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біля Ambulapcha La, Province 1 (Nepal)
To reconstruct the history of the Amphu Lapcha, the best approach is to start from the 1951 Everest reconnaissance, led by the legendary Eric Shipton. This was the very first exploration from Nepal, and it was in Nepal that the British climbers were reached by a strange cable from New Zealand, asking whether four NZ climbers engaged in the Garhwal could join the expedition. "Who are they and what do they want from us?", was the obvious first, but suddenly Shipton - facing the opposition of everybody - changed his mind, feeling that the presence of potentially strong young people could be useful. The meeting with the newcomers happened en route: "Then, for the first time, we learnt their names; they were Earle Riddiford and Edmund Hillary. My momentary caprice was to have far-reaching results."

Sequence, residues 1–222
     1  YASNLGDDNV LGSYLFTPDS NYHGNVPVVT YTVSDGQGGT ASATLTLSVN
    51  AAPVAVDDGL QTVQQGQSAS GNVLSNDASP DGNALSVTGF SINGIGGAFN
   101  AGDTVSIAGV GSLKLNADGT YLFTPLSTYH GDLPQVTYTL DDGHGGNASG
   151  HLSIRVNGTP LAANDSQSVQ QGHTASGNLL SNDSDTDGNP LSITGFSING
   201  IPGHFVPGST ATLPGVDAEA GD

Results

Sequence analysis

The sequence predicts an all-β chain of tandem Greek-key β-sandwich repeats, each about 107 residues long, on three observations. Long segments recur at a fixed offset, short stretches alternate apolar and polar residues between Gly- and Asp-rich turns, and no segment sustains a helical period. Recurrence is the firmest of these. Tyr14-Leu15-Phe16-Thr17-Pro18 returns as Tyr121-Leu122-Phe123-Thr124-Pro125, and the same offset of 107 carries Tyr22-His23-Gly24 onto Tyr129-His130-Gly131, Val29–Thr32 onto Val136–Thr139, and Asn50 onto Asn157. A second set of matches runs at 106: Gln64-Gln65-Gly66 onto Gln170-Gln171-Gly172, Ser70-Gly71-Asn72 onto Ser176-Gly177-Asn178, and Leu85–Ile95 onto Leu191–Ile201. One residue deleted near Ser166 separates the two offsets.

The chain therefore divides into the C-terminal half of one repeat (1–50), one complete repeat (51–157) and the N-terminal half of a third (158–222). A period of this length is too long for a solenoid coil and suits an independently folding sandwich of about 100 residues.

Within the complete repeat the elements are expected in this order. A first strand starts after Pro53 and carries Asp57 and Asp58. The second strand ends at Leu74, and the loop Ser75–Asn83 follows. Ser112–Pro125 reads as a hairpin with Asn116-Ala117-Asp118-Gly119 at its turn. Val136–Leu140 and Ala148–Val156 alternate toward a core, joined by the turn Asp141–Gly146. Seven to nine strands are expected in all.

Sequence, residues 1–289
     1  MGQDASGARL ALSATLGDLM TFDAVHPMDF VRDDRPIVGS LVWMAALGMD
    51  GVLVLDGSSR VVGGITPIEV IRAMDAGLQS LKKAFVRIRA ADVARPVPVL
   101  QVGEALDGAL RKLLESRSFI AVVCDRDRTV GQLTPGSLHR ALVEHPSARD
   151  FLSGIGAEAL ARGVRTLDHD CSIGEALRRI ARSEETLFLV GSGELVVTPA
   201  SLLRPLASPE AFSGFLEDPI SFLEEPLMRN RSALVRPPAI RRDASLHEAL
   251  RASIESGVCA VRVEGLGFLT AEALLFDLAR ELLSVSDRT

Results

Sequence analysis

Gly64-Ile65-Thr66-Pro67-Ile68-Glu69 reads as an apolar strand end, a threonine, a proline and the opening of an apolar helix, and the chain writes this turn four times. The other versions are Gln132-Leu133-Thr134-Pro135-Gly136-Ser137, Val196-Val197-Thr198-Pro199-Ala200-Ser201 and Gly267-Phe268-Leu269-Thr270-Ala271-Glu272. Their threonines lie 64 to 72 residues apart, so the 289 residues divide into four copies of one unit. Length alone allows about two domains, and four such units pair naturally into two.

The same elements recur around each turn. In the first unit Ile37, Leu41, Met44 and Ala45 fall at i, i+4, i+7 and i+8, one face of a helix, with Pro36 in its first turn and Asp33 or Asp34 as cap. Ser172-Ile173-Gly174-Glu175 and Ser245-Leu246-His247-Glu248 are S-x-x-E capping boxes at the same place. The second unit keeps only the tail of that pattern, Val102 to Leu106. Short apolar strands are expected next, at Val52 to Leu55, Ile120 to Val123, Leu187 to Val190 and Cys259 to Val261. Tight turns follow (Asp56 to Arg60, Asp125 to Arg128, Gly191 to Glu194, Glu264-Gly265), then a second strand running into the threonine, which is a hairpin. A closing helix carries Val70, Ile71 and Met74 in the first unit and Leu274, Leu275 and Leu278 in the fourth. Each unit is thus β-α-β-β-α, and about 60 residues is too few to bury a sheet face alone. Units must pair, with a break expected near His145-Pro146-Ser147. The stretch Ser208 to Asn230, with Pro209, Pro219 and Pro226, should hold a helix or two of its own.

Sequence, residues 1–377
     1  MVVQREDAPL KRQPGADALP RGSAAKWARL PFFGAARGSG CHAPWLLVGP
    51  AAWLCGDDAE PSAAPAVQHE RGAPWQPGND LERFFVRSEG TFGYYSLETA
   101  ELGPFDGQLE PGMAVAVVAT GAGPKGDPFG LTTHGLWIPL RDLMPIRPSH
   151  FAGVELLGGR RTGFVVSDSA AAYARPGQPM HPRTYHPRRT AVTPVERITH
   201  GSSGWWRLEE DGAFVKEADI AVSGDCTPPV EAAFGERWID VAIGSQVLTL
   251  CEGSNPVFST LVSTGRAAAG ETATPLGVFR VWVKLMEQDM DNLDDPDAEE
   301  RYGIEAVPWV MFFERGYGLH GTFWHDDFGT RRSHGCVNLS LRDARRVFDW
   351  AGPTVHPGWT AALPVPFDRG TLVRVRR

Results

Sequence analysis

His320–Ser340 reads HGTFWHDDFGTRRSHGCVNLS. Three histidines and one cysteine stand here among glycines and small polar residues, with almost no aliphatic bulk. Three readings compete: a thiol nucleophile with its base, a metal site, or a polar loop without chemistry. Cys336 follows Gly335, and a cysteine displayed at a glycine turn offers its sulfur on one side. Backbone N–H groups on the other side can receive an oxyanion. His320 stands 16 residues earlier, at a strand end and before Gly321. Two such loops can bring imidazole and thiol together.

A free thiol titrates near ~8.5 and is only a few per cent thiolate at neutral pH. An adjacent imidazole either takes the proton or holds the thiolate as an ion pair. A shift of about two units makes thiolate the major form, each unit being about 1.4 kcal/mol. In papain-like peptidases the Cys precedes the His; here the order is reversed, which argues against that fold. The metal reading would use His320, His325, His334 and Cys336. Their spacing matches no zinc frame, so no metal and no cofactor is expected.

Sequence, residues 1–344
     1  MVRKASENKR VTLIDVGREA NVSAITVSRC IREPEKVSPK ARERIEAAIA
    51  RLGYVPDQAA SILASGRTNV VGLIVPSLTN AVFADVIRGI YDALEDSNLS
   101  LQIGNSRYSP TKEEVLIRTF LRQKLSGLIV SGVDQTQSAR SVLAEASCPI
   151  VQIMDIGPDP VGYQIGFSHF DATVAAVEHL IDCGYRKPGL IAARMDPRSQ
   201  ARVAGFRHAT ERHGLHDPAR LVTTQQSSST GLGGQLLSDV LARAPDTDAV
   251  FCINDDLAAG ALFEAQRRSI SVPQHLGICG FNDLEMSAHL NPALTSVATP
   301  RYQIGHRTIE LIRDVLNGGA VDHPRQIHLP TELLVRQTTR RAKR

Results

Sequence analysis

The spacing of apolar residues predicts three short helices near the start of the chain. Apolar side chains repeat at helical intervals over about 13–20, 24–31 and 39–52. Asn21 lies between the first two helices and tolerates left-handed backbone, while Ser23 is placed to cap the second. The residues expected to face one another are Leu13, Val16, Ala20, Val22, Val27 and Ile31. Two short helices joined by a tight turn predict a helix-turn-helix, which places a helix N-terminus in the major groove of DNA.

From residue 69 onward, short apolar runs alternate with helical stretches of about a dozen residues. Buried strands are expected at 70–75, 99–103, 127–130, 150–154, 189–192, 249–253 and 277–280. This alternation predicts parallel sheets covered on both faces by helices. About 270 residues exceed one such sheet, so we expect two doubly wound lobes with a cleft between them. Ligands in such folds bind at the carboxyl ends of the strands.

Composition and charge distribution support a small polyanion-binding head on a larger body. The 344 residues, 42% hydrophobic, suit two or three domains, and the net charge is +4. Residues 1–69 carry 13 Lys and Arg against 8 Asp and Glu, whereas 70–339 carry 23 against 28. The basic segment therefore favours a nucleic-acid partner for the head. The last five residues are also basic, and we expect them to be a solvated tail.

The expedition had to discover everything about the route that nowadays we all know. "They had set out to find the answers to four questions. Could a way be found up the ice-fall entrance to the Western Cwm, which would be safe for laden porters? Were the slopes leading from the Cwm to the South Col climbable? Was the SE ridge from the col as easy as it appeared from air-photographs? Were the autumn conditions likely to be more favourable than those in spring?"
[Kenneth Mason, Abode of Snow. A History of Himalayan Exploration and Mountaineering]
The main obstacle was soon recognized to be the Khumbu Icefall.
"Between our two spells on the ice-fall we spent the time exploring the unknown country in the immediate vicinity of Everest, Ed and I to the east, the others to the west. Our main objective was to find a way through the tangle of ranges to the Kangshung Glacier, which flows from the eastern flanks of Everest, so as to link up with the explorations of the 1921 expedition and our journeys in 1935. The Sherpas told us that there was a way over to Tibet from the head of the Imja Khola, though none of them claimed to know it; but we found that the upper valley was enclosed by an unbroken cirque of very high mountains, dominated by Lhotse. However, we managed to cross a difficult col to the south into the basin of the Hongu Khola, a region unknown to the Sherpas"